This Queen Anne home was one of the finest homes in the Prospect Hill Historic District, known as “the Hill” back in the day. This was in built in 1889 by Amos M. Hathaway, one of the overseers at Willimantic Linen, later the American Thread Company. Located right on the Willimantic River, this location was perfect for the mill complexes, important for the success of Windham Cotton on the west and Willimantic Linen Company, later the American Thread Company (ATCO), on the east.
Some of the fine houses in the Prospect Hill Historic District were owned by supervisors at the mills, of which Hathway was, along with two other neighbors. While I cannot find a timeline, the house was abandoned for a time and the second photo here is from when it was in disrepair. Just love what has been done to this beauty to preserve it for eternity.
c. 1891. This home is located in the Prospect Hill Historic District, which overlooks the Willimantic River to the south and the Natchaug River to the east.
Most of the homes in this area were built after the Civil War and most completed by the end of the Victorian era, with nearly 460 houses standing by 1910.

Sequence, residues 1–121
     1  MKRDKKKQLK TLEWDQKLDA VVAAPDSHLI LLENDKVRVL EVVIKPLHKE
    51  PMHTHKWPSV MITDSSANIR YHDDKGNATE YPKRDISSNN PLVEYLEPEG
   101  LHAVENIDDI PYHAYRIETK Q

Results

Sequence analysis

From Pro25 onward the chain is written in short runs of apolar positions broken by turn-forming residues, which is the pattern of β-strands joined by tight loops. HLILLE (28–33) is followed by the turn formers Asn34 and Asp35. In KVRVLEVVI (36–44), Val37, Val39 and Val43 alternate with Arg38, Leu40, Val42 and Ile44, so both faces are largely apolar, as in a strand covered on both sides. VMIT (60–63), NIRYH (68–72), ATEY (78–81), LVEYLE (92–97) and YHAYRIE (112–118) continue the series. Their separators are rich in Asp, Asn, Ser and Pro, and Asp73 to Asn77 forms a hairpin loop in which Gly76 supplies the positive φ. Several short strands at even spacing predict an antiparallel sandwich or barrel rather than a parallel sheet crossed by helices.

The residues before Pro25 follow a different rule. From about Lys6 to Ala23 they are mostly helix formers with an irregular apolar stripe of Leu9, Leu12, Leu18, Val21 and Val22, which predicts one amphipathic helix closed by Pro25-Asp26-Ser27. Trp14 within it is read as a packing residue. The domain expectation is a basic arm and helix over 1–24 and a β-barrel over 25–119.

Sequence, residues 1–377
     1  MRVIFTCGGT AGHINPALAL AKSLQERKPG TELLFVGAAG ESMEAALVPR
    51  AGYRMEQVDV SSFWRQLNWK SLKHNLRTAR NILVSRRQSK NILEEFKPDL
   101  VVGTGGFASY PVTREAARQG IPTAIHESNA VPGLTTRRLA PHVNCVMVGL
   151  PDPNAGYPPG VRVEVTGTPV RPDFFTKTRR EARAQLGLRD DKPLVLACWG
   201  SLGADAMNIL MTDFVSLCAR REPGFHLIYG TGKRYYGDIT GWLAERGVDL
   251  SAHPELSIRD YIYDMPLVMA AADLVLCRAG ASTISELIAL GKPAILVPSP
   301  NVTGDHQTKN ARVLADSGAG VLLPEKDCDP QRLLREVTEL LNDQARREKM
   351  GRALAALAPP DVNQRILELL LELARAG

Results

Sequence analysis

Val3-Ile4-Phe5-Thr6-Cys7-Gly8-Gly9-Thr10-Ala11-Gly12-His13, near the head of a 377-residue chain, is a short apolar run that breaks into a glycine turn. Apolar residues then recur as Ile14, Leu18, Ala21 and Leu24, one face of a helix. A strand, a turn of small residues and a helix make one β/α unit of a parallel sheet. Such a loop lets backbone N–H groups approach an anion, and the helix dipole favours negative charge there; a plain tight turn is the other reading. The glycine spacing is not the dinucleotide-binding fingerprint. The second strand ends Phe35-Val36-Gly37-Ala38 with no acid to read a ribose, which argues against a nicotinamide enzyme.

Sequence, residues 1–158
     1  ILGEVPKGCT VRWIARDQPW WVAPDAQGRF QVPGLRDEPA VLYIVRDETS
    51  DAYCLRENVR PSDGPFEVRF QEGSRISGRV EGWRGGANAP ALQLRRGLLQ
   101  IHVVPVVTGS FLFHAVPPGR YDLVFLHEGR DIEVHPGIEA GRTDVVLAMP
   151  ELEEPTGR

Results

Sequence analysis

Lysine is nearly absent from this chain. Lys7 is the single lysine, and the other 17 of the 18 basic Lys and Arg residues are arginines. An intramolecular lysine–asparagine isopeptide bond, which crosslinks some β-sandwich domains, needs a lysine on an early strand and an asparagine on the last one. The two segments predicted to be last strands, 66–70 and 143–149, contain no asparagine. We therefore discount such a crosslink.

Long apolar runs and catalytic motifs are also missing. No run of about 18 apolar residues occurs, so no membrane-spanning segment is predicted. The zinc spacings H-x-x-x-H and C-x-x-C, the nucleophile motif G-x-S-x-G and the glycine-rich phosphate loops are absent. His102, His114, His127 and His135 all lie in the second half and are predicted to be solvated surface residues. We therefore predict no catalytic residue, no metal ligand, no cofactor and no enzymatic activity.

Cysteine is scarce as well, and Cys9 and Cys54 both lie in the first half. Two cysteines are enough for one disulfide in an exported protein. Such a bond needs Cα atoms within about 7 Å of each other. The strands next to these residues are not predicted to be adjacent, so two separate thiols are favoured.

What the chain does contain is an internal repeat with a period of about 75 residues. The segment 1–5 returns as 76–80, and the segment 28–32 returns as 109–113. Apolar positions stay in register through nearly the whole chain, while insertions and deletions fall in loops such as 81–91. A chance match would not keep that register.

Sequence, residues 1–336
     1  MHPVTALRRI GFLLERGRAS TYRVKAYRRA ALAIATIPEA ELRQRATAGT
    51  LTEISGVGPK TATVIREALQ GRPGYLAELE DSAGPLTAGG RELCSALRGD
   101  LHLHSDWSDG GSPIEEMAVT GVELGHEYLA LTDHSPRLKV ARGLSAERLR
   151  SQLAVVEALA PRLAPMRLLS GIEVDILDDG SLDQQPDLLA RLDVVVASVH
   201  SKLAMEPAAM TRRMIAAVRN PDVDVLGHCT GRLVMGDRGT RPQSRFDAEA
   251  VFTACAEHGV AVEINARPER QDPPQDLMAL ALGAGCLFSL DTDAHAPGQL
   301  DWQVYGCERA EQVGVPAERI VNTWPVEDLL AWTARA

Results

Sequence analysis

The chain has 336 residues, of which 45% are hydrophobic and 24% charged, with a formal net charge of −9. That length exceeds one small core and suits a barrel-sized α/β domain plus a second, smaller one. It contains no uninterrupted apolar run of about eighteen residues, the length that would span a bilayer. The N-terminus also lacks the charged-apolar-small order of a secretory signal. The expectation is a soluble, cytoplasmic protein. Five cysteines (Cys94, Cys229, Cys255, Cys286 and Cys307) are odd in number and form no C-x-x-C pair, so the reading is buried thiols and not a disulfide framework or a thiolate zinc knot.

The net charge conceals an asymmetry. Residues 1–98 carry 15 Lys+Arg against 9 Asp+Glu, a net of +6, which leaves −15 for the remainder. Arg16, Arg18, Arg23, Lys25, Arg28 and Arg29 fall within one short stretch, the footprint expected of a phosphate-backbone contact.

The area has one of the highest concentrations of Victorian architecture in the state, including Second Empire and Queen Anne styles, Italianate, Stick, Shingle, and Eastlake styles. The "Hill" as the neighborhood was once known, also contained one of the largest concentrations of entrepreneurial talent in the region. While there were no extremes of wealth or poverty, it was home to a substantial middle class, at first, mostly descendants of old Yankee stock. The upper echelons of this class, the builders of the "mini mansions" on the more desirable streets, were managers and owners of mills and stores, commodity wholesalers, financiers and bankers, and educated professionals, and a number held elected or appointed local and state offices.
Willimantic evolved as a fully-fledged industrial city specializing in the manufacture of textiles and thread, as well as a regional hub for the railroads. Major mill complexes along the Willimantic River were erected for Windham Cotton on the west and Willimantic Linen Company, later the American Thread Company (ATCO), on the east.